This Thursday evening, Trinity Fashion Society (Fashion Soc) hosts its annual fashion show in the Chocolate Factory arts centre on King’s Inn St. The theme for 2020 is Le Temps de l’Amour, an homage to young love, inspired by French New Wave cinema. And Lizzie Dunning, the chair of Fashion Soc, says audiences can “expect to see a show unlike what we’ve done previously”.
Dunning promises a colourful and visually exciting show, with clothes from Dublin-based designers worn and styled by students from Trinity. Tickets are €14 and cover entry to the show as well as the after-party in Ukiyo, with drinks deals aplenty.
Dublin is full of young creatives, but musicians, artists and designers in need of a platform often lament that there are very few places to perform or exhibit their work. The “fashion industry” in Dublin is far behind its contemporaries. With no fashion week, Dublin fashion is propped up by pop-up shows and social media. For Dublin fashion designers, then, the Trinity Fashion Show has become a crucial collaborative process.
Designers, models, stylists, hair and makeup artists are given the opportunity to meet and put together a one-off spectacle, Dunning – who’s also the show’s creative director – tells me.
Asking about her inspiration for the theme, I suggest that perhaps it stems from the work of other designers. Dunning tells me in her opinion it is best not to draw too much inspiration from what other designers or runways shows have done. “You have to go to movies, or individuals, or artists. We’ve based a lot of what we are aiming for on French New Wave cinema, like Jean-Luc Godard, Jane Birkin, that kind of thing. A kind of reinterpretation of what we associate french cinema being.”
We were up until like 3am in our Fashion Soc room last year, putting all the outfits together
She also cites Wes Anderson’s early work as an influence; Moonrise Kingdom, a film about young love and adventure, features Françoise Hardy’s Le Temps de l’Amour, which inspired the theme of youthful romance.
A week before the event, Dunning and Fashion Soc Treasurer Lika Arevadze – another designer on the show – seem excited, but aware of the often high-pressure nature of fashion shows. They have contacted designers and shops in Dublin and hope to receive the garments two days before the show – something Arevadze says is an improvement on last year, when they pulled the clothes the day before the show: “We were up until like 3am in our Fashion Soc room putting all the outfits together.” Dunning smiles. “It’s very high stress, we don’t have much time … but it’s really fun!”
I ask if there are any pieces they’re particularly excited by. Arevadze describes a corset by John Mangru – which she says “almost looks like a renaissance painting”. Mangru is a standout young designer in NCAD, with three pieces in the show. He tells The University Times that they’re “all following my vibe of what I tend to look at for inspiration. 1700s, Renaissance period, very Marie Antoinette style, Versailles France, that kind of grandeur”.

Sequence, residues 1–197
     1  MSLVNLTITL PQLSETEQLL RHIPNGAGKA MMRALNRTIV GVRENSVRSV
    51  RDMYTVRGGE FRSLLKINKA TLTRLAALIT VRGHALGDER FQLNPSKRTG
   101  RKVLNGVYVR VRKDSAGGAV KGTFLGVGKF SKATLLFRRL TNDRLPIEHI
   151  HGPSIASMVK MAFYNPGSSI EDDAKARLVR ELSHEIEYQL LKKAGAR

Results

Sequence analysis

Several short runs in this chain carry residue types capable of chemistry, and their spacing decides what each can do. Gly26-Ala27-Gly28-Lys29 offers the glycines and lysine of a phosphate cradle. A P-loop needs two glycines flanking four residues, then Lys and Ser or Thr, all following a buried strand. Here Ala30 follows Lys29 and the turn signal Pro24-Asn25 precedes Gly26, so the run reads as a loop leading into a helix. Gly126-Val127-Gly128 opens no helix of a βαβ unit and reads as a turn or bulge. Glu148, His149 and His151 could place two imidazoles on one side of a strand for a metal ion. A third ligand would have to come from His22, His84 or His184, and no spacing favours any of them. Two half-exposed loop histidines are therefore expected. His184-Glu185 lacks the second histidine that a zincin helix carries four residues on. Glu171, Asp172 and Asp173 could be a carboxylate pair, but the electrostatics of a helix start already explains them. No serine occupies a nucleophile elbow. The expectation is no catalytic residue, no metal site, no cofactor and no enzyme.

As a designer, I feel really humbled to be able to do this. It is my first kind of debut of showing my own work as a designer in Ireland
“That is kind of my thing”, he adds, “so all the outfits are my interpretation of that era”. He hand embroidered and embellished his pieces, inspired by the “over the top, huge, glitz and glamour … for example, the coving you would see on the walls of Versailles”
According to Dunning, Twiggy Moore – another high-flying Dublin designer – “is making designs specifically for show, which is really exciting”. Moore, who is also a student from NCAD, based one of her collection on her relationship with her sister and the clothes they used to dress up in as a child. She mixed the colour of crayon drawing into her knitwear, “exploring how you have the child-esque space”, she says.
Moore says her pieces are based on 1970s “Jane Fonda vibes”, and explore the theme of femininity through pink tonal colours that are in keeping with the show’s theme. She says that for the show, “everyone is really inspired by each other. As a designer, I feel really humbled to be able to do this. It is my first kind of debut of showing my own work as a designer in Ireland. What we need in Ireland especially in Dublin to promote fashion as a whole”.
Dunning says that “it’s nice to be reassured that the show means something to actual designers and people who are very much part of the fashion industry in Dublin. It’s nice to be reminded of that because I don’t know if there is any other platform like this, that can give designers, models that space, so many people can get involved in a lot of ways”.